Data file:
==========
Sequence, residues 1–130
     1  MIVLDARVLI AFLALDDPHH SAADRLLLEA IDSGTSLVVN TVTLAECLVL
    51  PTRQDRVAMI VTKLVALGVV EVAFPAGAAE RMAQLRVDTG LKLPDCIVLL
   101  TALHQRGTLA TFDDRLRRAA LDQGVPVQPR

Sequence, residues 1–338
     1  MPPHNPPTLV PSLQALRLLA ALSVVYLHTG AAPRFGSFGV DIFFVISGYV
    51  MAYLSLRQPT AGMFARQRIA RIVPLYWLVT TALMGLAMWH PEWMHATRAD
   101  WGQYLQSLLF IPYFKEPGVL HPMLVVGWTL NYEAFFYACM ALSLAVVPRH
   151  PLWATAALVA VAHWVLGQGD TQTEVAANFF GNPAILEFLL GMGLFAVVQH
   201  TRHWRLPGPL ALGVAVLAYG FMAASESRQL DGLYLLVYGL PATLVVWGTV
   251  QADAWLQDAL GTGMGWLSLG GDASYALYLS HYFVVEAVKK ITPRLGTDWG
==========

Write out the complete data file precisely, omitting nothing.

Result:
Sequence, residues 1–130
     1  MIVLDARVLI AFLALDDPHH SAADRLLLEA IDSGTSLVVN TVTLAECLVL
    51  PTRQDRVAMI VTKLVALGVV EVAFPAGAAE RMAQLRVDTG LKLPDCIVLL
   101  TALHQRGTLA TFDDRLRRAA LDQGVPVQPR

Sequence, residues 1–338
     1  MPPHNPPTLV PSLQALRLLA ALSVVYLHTG AAPRFGSFGV DIFFVISGYV
    51  MAYLSLRQPT AGMFARQRIA RIVPLYWLVT TALMGLAMWH PEWMHATRAD
   101  WGQYLQSLLF IPYFKEPGVL HPMLVVGWTL NYEAFFYACM ALSLAVVPRH
   151  PLWATAALVA VAHWVLGQGD TQTEVAANFF GNPAILEFLL GMGLFAVVQH
   201  TRHWRLPGPL ALGVAVLAYG FMAASESRQL DGLYLLVYGL PATLVVWGTV
   251  QADAWLQDAL GTGMGWLSLG GDASYALYLS HYFVVEAVKK ITPRLGTDWG